The word yacht often brings up an image of luxury living on a sleek boat in the sea with a crew of dozens. We don’t want to take the wind out of your sails, so to speak, but even a mountain of money won't necessarily have you swimming with the truly wealthy yacht owners. For example, Tiger Woods purchased his 155-foot superyacht, Privacy, for $20 million—and that’s cheap by swanky yacht standards.
The average annual cost of operating your floating symbol of eliteness is 10% of the purchase price.
What Size Can You Afford?
The word yacht is about as clearly defined as a financial advisor, and you’ll get wildly different answers on what size boat earns that title, depending on whom you ask.
By some definitions, you can still be a yacht owner with a 20-foot boat, and you can join a yacht club and spend your weekends exchanging sea stories with your fellow yacht owners. If you are thinking about investing in a yacht, the first question to ask yourself is how big of a boat can you afford to buy?
- Not all yachts are supersized and prohibitively expensive, like the luxury yachts used by wealthy individually.
- It is possible to rent (barefoot charter) a yacht or lease one with a group of friends.
- Just because you own or lease a yacht doesn't mean you can drive it—you need a captain's license.
- Other expenses accompany owning a yacht from insurance to hiring a crew or captain if you can't drive it.
Calculations and Qualifications
It can be tough to take out a boat loan if you don't meet specific criteria. For example, unless your debt-to-income ratio is below 40%, you’re not likely to hear a resounding yes from the loan officer.
Plan to put at least 10% down on your yacht and pay somewhere around 5% APR for 10 years. That $100,000 entry-level yacht (a used one would be around 30–35 feet long) is going to incur monthly payments of nearly $1,000 after you make your $10,000 down payment.
There’s also another $1,000 to $1,500 (or more) to spend on life jackets and other necessary equipment when you purchase a yacht. Then there's the question of who drives it.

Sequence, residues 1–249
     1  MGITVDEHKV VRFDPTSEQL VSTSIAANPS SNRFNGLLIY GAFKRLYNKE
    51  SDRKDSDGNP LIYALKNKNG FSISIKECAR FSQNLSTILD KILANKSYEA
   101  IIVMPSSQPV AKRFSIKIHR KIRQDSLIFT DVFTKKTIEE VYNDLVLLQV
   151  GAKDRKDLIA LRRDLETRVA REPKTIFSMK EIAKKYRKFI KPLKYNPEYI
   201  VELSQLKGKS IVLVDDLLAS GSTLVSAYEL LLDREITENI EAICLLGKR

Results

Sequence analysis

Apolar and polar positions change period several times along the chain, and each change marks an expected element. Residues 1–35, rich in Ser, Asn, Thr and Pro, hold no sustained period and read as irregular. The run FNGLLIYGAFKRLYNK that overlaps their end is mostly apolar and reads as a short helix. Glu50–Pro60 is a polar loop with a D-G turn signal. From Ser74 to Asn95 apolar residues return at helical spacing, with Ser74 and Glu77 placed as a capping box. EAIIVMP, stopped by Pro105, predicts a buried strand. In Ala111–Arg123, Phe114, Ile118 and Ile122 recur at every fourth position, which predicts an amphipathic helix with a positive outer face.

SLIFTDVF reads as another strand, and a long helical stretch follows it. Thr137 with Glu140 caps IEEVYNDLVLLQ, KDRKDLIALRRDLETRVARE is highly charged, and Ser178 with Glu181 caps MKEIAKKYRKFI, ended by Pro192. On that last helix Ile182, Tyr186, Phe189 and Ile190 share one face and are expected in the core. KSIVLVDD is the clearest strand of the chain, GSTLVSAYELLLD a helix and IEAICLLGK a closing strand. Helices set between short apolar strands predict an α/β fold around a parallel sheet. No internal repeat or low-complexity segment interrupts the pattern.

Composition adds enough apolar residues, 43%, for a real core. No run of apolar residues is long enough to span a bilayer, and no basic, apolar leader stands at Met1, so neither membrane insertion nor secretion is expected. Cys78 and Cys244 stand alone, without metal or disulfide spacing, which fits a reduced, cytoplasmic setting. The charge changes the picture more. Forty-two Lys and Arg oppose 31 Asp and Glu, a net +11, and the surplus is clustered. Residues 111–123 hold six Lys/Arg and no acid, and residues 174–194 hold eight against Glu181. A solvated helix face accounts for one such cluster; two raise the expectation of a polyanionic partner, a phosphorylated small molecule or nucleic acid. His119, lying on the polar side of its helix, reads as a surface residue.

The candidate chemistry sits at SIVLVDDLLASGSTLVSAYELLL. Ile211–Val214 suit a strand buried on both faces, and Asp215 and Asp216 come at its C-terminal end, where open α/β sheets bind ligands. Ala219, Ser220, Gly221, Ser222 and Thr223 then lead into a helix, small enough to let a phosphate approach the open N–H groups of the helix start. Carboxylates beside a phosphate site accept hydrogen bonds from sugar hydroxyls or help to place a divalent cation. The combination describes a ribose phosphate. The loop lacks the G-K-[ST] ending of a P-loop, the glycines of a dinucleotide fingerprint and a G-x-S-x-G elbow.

Can You Drive a Boat?
Are you qualified to operate a larger boat? If not, you’ll have to pay for a captain’s license or hire somebody to operate it for you. In addition, yacht insurance will be north of $600, and a slip rental will set you back a couple of thousand per year.
The annual maintenance costs that amount to 10% of the yacht’s purchase price, which would be around $10,000 on a $100,000 yacht.
To know what you can spend, do the math in reverse: You need to have 55% to 60% of your income available for other needs outside of your yacht. The rest is the absolute max you can blow on your obsession.
The Cheaper Way to Go Yachting
Maybe buying a superyacht just isn’t in the cards for you, but if you don’t want a smaller recreational boat, you may want to consider a bareboat charter. It’s like a lease, and just like with a car, you won’t be the owner but you can rent the yacht for a certain period of time.
This could be very short-term—for a yachting vacation—or long-term. For higher-priced vessels, splitting the costs among multiple people could make the price more reasonable. You as the charterer are responsible for nearly all fees, including fuel, insurance, port fees, and everything else.
There are also shared leasing arrangements. In these situations, you pay a monthly fee to a boat club and gain the use of any vessel in the fleet. You still have to pay for fuel and some costs, but the pricing is much more reasonable than trying to purchase the yacht on your own.
Some clubs offer an initiation fee that can go well into the thousands, as well as a monthly fee of a couple of hundred dollars.
The Bottom Line
Owning a luxury yacht takes truly serious money. But for those who earn a higher-than-average income, renting or leasing a vessel, teaming up with friends, or joining a boat or yacht club can make the price comparatively reasonable.
As with any equipment-heavy hobby, the costs are often higher than you think, so you’ll want an emergency fund in place for those unexpected expenses.